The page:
Legislators on Cathay junket give to charity

Contrite lawmakers offer price of flights to appease critics who say trip may have given rise to a conflict of interest on aviation issues

PUBLISHED : Saturday, 24 August, 2013, 12:00am
UPDATED : Saturday, 24 August, 2013, 4:27am

At least six lawmakers who went on a Cathay Pacific junket to France will donate tens of thousands of dollars to local charities, after their earlier explanations or apologies failed to satisfy critics who say the trip may have created a conflict of interest.

Six local environmental groups issued a joint statement yesterday, calling for executive councillor Cheng Yiu-tong and the eight other lawmakers involved to take a cautious approach in considering whether a third runway should be added at the city's airport.

On Thursday, some of the lawmakers confirmed that during the contentious six-day trip, Cathay management had reiterated the "importance" of the airport gaining an extra runway, and Cathay's opposition to potential rival Jetstar Hong Kong's bid for an air operator's licence.

In a joint statement yesterday, the Democratic Party's Albert Ho Chun-yan and James To Kun-sun appeared to back down and apologise. They vowed to donate HK$50,000 each to a charity of Cathay Pacific's choice as reimbursement for the cost of their wives' trips.

"We understand that it doesn't make it right to do something because it wasn't criticised by the public before," they wrote. "And it is natural for the public to have a higher expectation of the democrats [because it is our job to] monitor the government."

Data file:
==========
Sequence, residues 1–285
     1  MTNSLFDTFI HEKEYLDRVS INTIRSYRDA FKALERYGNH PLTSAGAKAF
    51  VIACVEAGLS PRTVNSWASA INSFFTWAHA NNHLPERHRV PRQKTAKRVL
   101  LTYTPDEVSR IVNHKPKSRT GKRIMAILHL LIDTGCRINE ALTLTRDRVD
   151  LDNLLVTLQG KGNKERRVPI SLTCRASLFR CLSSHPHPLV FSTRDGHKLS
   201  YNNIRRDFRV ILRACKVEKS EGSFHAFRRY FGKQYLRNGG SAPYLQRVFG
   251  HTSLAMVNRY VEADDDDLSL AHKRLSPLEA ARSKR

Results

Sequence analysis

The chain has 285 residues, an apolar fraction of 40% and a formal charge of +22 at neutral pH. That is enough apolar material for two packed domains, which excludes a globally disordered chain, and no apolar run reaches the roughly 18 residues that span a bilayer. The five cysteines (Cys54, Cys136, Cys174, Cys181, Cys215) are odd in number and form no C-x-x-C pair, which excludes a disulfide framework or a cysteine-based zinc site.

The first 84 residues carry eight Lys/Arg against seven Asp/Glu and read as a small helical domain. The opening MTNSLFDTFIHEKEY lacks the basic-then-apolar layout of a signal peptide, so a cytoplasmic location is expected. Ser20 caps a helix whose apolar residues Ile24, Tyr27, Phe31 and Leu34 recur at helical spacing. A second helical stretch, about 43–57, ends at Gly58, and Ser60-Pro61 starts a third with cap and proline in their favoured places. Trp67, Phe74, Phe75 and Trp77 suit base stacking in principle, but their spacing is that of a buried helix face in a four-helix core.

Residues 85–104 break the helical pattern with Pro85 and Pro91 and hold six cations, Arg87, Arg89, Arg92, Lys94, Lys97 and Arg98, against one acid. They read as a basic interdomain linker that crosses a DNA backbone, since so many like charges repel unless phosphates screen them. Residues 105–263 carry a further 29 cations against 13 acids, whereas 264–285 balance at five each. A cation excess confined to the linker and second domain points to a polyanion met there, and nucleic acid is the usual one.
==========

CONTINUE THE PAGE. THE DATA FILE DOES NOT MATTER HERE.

On Thursday, Ho and To initially admitted being insensitive, but also suggested the trip was a business "exchange". However, hours later, the Democratic Party's central committee said its lawmakers' acceptance of Cathay's junket was inappropriate. It had yet to decide on any follow-up action, said party chairwoman Emily Lau Wai-hing, who apologised to the public.

Eight lawmakers travelled with a family member, either a spouse or child, from Hong Kong to Toulouse via Paris, and returned on Cathay's new aircraft. According to the airline's website, it costs at least HK$58,300 for a one-way business-class flight from Hong Kong to Paris.

Accounting lawmaker Kenneth Leung said he would donate at least HK$50,000 to charity.

"I asked Cathay Pacific how much it cost [for my wife to travel with me] and I may donate more than HK$50,000," Leung said.

Insurance sector lawmaker Chan Kin-por, who went to Britain with his wife on business before joining the group in France, said he gave HK$80,000 to the Hong Kong Red Cross because Cathay paid for their detour to London and the journey to Paris.

Elizabeth Quat, of the Democratic Alliance for the Betterment and Progress of Hong Kong, and the Liberal Party's Felix Chung Kwok-pan were also planning to give to charity.

Lawmaker Ma Fung-kwok, who also went on the trip, and Cheng could not be reached for comment last night.